Fifth Avenue widening to cost $21 million


Staff report

YOUNGSTOWN

Jim Kinnick, executive director of Eastgate Regional Council of Governments, said an upcoming project to widen Fifth Avenue and add walkways is projected to cost $21 million.

Eastgate hosted its quarterly Grow Mahoning Valley meeting Tuesday morning, highlighting a handful of prioritized infrastructure projects expected to spur economic growth in Mahoning and Trumbull counties. Currently, the organization has 10 projects.

The Fifth Avenue project would make the road three lanes with 14-foot walkways on either side and create a driverless shuttle corridor along Fifth and Rayen avenues, connecting Youngstown State University, Mercy Health’s St. Elizabeth Youngstown Hospital and the Western Reserve Transit Authority station along Mahoning Avenue, Kinnick said Tuesday.

He said the organization is seeking $11 million in federal infrastructure dollars through the U.S. Department of Transportation’s BUILD grant program, which provides $1.5 billion for communities nationwide and will be awarded in late fall. The organization has an additional $10 million in in-kind donations, he said.

The BUILD grant also would fund improvements along Commerce, Federal, Front and Phelps streets and along Park Avenue near the hospital.

Jim Tressel, YSU president, highlighted the project during his State of the University Address last week.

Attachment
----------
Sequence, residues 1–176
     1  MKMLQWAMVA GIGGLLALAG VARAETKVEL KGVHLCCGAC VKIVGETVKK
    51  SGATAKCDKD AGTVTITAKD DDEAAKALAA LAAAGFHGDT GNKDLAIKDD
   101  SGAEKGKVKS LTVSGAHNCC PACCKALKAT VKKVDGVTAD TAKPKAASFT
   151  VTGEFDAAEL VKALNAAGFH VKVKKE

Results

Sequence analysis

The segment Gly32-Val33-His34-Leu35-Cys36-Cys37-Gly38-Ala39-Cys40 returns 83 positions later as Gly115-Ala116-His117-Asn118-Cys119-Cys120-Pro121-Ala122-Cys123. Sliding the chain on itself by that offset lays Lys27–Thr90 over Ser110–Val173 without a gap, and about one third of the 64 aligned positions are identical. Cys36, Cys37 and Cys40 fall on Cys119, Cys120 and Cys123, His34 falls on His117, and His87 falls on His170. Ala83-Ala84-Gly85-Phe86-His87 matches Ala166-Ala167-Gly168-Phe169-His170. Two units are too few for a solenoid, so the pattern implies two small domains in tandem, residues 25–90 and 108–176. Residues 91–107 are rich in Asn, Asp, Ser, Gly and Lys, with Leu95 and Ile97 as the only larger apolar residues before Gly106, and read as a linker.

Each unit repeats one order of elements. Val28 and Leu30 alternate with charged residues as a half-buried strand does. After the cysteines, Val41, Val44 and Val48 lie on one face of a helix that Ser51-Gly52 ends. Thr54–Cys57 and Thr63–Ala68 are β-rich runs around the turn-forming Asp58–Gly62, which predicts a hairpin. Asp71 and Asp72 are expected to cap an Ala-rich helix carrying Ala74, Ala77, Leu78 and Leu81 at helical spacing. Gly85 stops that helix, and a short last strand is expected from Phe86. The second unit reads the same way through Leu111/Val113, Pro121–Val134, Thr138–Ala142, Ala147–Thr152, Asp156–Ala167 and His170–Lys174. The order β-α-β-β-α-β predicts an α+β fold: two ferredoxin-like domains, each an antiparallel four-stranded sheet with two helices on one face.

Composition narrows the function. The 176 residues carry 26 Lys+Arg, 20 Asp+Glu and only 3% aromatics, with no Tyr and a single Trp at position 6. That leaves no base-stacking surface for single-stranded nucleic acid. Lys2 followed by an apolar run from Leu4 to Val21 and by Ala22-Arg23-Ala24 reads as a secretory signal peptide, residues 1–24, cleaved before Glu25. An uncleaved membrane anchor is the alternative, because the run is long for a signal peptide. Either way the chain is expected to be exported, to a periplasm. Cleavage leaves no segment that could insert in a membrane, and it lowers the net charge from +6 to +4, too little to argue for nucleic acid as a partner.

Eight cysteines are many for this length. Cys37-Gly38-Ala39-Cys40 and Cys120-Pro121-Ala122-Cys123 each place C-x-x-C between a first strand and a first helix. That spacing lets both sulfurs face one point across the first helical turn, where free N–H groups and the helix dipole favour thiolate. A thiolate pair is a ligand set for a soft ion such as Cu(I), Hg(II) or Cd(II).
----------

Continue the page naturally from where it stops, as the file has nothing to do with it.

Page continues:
Grow Mahoning Valley attendees also heard updates on another about $10 million widening project along Western Reserve Road, which county Engineer Patrick Ginnetti said is his department’s top priority.

He said though the Mahoning Transportation Improvement District was unsuccessful in a recent bid for Ohio Department of Transportation funds granted to such districts, the district recently received $2.8 million in safety grants, which he said will “get the ball rolling.”

Work could begin in 2023, he said.

“There’s obviously an issue with congestion. There’s issues with access,” Ginnetti said. “The safety committee felt this was a good project.”

Kinnick said Eastgate also is eyeing a project to reconfigure the interchange at state Routes 46 and 82 near Eastwood Mall in Howland Township into a diamond, which would decrease accidents while speeding up traffic.

The results of a recent safety study in that area and suggested improvements will be presented at a public meeting from 5 to 7 p.m. Sept. 5 in the Howland High School cafeteria, 200 Shaffer Drive NE, Warren.

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